The Sugarcubes Life's Too Good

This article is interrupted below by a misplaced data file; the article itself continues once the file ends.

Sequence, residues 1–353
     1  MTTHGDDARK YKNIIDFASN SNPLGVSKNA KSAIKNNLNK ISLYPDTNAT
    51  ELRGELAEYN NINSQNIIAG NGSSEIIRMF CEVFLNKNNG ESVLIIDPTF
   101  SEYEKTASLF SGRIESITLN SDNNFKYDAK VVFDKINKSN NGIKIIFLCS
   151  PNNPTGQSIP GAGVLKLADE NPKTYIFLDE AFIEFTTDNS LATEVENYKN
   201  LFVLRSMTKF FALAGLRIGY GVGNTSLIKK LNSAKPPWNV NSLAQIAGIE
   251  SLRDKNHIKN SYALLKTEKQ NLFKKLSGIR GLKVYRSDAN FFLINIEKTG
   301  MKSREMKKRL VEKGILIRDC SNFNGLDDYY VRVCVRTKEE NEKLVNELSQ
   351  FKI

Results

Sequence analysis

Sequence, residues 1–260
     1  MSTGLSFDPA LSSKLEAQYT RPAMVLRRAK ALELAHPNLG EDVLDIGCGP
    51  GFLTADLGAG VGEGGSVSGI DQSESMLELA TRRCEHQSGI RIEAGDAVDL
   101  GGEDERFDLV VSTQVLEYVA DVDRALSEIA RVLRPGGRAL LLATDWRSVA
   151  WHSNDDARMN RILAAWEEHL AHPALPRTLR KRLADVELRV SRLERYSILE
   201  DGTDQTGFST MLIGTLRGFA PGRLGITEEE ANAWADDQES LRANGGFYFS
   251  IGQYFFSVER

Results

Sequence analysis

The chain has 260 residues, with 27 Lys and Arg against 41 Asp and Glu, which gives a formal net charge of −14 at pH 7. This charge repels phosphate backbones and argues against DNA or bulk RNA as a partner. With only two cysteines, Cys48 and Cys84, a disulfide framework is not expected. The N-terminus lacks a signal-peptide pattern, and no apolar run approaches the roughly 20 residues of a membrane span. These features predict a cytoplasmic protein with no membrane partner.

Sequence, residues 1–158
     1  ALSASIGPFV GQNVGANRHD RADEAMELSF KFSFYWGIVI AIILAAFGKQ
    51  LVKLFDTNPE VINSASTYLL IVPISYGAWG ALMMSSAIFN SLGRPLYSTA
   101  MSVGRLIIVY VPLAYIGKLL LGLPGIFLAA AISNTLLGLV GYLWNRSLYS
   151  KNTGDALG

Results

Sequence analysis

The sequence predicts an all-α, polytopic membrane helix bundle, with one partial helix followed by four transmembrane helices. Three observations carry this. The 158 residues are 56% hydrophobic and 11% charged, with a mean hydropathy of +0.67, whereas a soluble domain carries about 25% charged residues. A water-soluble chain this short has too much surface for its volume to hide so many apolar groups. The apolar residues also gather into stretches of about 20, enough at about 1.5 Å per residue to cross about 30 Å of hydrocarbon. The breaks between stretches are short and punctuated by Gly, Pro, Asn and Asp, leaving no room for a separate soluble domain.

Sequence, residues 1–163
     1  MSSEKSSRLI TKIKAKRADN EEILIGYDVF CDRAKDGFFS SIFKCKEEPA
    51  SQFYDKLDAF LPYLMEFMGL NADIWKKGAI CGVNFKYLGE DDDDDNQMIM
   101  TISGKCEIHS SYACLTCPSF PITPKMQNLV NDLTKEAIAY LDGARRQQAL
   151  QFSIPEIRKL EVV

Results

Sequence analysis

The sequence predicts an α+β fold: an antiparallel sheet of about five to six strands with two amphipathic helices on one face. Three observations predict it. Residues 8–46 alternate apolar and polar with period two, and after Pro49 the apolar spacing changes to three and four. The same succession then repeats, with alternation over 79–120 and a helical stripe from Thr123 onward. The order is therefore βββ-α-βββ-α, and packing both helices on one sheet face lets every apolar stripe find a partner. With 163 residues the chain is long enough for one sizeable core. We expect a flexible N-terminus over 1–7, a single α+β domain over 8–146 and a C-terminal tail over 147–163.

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It is more difficult to write about The Sugarcubes‘ Life’s Too Good than I had anticipated. Although I know the record well, played it endlessly throughout my mid-teens and still find it to be a really good listen, it is hard to say any more about it than has been said elsewhere.It is a great album, a great first album and a record that stands up very well considering how much has happened musically in the intervening years. It is a big record, it is bouncy, exuberant, fun. Fun hasn’t always felt like something that is quite allowed in indie music and when this Icelandic four piece bounced onto the scene in the late Eighties it was refreshing to be smiled at, gurned at and generally made to feel included in something that was exciting and a just a little bit naughty — like licking the cake spoon, or eating peanut butter straight from the jar. I was fourteen at the time, so perhaps it has to do with the joy of hearing something that wasn’t quite like anything else, at an age when everything new shines ultra-bright and seems incredibly significant. There is something very important about the music you find in your teens, the songs that help you to find out about yourself. The soundtrack to young love, first experimentations and the emergence of self-definition — the poignancy of belonging to a scene, being the weirdest kid at school, listening to the most outlandish music, wearing provocative clothes. Standing out from the crowd was an act of rebellion and The Sugarcubes were the rebellious freaks that I wanted to emulate. Björk Guðmundsdóttir‘s dresses and big boots and shaggy bob and the band’s colour clashing image was an antidote to the drab, somewhat goth-influenced indie scene, their sound an escape from the seriousness of most British and American indie music; playfully defying convention and demanding to be danced to I keep trying to remember when I first heard the first single, “Birthday”. I think it was on Snub TV, though it could also have been on John Peel‘s radio show — both favourites for discovering new music. I do recall vividly how I was immediately drawn to the band’s infectious, buoyant joy coupled with such deliciously weird silliness. The weirdness of The Sugarcubes was important. Not in the “pocket-sized pixie” labels applied to Björk, nor the romanticised Icelandic other-ness of the band. – As Einar Örn Benediktsson put it in one interview in 1987 they were not “Eskimos in disguise”. I was not so awed by their Icelandic-ness as I was by the spell cast by Björk’s voice and by the discordant, hectic rhythms that sunk into my brain slowly and then refused to leave. That tenacity remains and though I had not listened to this record much in the last twenty years, the memory of these melodies and the infectious joy that I felt the first time around come back to me time and again.Life’s Too Good still sounds exciting and exuberant, filled with creepy longing and that infectious silliness by turn. The songs are short, following in the punk traditions they originated from; there is only one song over four minutes long (“Deus”) on the whole thing and whilst it is easy to recall the jarring discordia of “Birthday”‘s happy/crazy warped melancholy, it is tracks such as “Mama” that haunt me still — visceral and demanding and precocious as hell. The Sugarcubes split in 1992 and though Björk continues to innovate and astound with her solo projects, musically and culturally there is something so deeply engaging about the youthful exuberance — the sheer determination — of Life’s Too Good that continues to make it iconic and compelling in ways that only first albums by exciting new voices can. As with many of the recent re-releases of golden-age indie records, there will undoubtedly be a certain cachet attached to owning this pretty green vinyl record and if you loved The Sugarcubes then, or want to grab a piece of history now, then it might indeed make a nice addition. But unlike other re-releases you’ll find no easter-egg bonuses, no extra tracks or long-forgotten gems. Of course you could argue that this album is a gem in its own right, something worth having around to revisit and enjoy long into the future, a piece of magical musical history that remains as exciting today as it did in 1988.